methodology adding more features
Methodology: Adding more Features
  • Create more complicated baseline by adding certainty feature (new baseline = B2)
  • Add other 4 features (student moves, concept repetition, frustration, performance) individually to new baseline
  • Check that V-values converge
  • Analyze policy changes
tests1
Tests

B2+

+SMove

+Goal

B1+

Correctness

+Certainty

+Frustration

Baseline 2

Baseline 1

+%Correct

certainty
Certainty
  • Previous work (Bhatt et al., ’04) has shown the importance of certainty in ITS
  • A student who is certain and correct, may not need feedback, but one that is correct but showing some doubt is a sign they are becoming confused, give more feedback
b2 baseline certainty policies
B2: Baseline + Certainty Policies

Trend: if neutral, give Feed or Mix, else give NonFeed

tests2
Tests

B2+

+SMove

+Goal

B1+

Correctness

+Certainty

+Frustration

Baseline 2

Baseline 1

+ %Correct

student move policies
7 ChangesStudent Move Policies

Trend: give Mix if shallow (S), give NonFeed if Other (O)

concept repetition policies
4 ShiftsConcept Repetition Policies

Trend: if concept is repeated (R) give complex or mix feedback

frustration policies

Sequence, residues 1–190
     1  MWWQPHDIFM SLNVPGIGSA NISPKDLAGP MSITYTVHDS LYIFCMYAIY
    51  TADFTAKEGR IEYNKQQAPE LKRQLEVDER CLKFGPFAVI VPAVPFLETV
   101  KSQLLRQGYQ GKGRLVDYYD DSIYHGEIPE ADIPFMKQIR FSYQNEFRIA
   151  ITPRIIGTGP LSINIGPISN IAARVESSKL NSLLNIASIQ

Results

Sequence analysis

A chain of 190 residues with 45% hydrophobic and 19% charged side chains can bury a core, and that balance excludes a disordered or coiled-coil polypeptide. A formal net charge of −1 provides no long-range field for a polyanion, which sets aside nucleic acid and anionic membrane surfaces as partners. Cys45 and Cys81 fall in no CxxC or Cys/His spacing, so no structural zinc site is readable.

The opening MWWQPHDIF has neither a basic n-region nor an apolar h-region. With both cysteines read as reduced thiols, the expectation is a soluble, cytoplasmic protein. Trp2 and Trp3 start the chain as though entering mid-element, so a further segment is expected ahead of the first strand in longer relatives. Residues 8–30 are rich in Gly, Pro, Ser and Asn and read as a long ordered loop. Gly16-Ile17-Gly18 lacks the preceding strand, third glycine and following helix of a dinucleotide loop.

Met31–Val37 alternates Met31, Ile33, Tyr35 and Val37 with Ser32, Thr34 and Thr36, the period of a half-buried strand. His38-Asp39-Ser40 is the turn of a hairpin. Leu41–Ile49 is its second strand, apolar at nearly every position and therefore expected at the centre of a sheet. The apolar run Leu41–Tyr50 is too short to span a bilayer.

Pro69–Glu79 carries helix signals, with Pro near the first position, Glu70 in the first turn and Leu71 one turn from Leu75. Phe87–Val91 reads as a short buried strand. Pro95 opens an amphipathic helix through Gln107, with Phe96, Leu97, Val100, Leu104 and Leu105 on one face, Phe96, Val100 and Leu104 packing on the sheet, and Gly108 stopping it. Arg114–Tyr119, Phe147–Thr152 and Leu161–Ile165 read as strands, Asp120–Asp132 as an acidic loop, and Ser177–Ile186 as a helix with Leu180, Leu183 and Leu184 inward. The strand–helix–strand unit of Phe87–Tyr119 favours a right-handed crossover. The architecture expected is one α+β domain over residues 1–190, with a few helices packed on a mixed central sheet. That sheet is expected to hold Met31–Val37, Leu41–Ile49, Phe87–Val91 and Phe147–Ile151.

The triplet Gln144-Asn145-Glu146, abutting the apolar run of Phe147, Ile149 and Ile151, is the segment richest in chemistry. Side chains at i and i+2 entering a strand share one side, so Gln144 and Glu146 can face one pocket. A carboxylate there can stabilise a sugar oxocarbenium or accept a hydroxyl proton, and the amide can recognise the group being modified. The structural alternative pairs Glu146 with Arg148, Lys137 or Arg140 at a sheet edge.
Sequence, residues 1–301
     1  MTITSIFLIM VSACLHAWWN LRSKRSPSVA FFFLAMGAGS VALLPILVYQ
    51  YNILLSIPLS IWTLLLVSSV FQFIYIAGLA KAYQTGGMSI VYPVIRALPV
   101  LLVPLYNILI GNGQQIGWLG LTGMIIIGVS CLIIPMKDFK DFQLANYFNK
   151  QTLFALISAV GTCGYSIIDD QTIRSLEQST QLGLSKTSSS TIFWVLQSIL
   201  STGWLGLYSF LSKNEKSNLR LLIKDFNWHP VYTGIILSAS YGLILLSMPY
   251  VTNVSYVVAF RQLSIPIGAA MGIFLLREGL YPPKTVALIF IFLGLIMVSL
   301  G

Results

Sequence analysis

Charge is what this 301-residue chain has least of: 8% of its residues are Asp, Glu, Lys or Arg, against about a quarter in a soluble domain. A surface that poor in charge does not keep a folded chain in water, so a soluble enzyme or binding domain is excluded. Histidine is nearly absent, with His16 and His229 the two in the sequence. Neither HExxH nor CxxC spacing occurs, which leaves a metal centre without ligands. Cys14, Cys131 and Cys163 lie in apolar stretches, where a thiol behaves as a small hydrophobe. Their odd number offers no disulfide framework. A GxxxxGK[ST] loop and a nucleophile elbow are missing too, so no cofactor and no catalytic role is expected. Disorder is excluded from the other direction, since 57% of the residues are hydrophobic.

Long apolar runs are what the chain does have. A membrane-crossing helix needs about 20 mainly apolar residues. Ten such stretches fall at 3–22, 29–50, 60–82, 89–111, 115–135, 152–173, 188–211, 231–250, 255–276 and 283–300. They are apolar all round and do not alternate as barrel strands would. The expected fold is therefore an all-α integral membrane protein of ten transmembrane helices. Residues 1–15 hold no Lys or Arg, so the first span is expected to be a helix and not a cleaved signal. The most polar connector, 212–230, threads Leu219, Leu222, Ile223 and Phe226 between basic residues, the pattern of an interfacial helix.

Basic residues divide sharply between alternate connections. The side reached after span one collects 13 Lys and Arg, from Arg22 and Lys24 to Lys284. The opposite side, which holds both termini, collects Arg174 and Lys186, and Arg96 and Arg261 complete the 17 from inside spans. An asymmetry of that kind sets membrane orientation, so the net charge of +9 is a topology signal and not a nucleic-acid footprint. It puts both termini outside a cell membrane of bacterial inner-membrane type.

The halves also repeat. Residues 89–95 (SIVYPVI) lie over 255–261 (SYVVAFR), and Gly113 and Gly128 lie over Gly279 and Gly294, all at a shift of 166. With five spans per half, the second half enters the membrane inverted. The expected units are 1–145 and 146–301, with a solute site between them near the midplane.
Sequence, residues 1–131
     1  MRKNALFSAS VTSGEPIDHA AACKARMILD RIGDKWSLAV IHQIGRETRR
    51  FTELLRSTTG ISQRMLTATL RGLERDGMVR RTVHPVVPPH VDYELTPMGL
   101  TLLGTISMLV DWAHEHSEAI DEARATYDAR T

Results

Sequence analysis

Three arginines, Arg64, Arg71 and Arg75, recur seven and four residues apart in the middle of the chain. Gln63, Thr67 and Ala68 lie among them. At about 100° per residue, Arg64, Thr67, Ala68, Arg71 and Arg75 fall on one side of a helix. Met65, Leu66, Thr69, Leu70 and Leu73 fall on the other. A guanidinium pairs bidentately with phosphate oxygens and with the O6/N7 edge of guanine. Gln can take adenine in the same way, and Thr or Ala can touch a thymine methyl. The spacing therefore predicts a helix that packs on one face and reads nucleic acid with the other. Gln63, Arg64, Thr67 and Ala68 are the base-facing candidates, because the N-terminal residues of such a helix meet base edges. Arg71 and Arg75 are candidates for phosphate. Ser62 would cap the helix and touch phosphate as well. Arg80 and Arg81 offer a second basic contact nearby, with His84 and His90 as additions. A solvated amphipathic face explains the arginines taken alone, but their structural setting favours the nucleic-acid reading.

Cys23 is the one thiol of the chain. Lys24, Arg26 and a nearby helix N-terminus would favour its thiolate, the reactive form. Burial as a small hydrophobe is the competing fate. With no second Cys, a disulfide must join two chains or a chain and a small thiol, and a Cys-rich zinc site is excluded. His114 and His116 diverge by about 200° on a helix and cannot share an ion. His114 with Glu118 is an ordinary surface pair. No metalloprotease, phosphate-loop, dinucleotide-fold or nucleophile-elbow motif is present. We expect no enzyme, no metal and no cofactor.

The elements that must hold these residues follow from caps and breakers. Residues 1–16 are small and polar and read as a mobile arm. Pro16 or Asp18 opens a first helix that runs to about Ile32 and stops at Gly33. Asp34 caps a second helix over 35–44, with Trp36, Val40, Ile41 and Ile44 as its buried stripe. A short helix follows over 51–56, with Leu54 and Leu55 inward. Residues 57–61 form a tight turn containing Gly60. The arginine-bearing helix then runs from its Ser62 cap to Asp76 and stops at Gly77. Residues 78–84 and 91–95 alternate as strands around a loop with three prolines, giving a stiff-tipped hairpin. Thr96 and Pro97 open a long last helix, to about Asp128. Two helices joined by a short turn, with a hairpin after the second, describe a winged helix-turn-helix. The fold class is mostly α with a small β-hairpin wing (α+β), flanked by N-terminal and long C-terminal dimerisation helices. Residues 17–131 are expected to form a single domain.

4 ShiftsFrustration Policies

Trend: if student is frustrated (F), give NonFeed

percent correct policies
3 ShiftsPercent Correct Policies

Trend: if student is a low performer (L), give NonFeed

discussion
Discussion
  • Incorporating more information into a representation of the student state has an impact on tutor policies
  • Despite not having human or simulated users, can still claim that our findings are reliable due to convergence of V-values and policies
  • Including Certainty, Student Moves and Concept Repetition effected the most change
future work
Future Work
  • Developing user simulations and annotating more human-computer experiments to further verify our policies are correct
  • More data allows us to develop more complicated policies such as
    • More complex tutor actions (hints, questions)
    • Combinations of state features
    • More refined reward functions (PARADISE)
  • Developing more complex convergence tests
related work
Related Work
  • [Paek and Chickering, ‘05]
  • [Singh et al., ‘99] – optimal dialogue length
  • [Frampton et al., ‘05] – last dialogue act
  • [Williams et al., ‘03] – automatically generate good state/action sets
diff plots
Diff Plots

Diff Plot: compare final policy (20 students) with policies generated at smaller cuts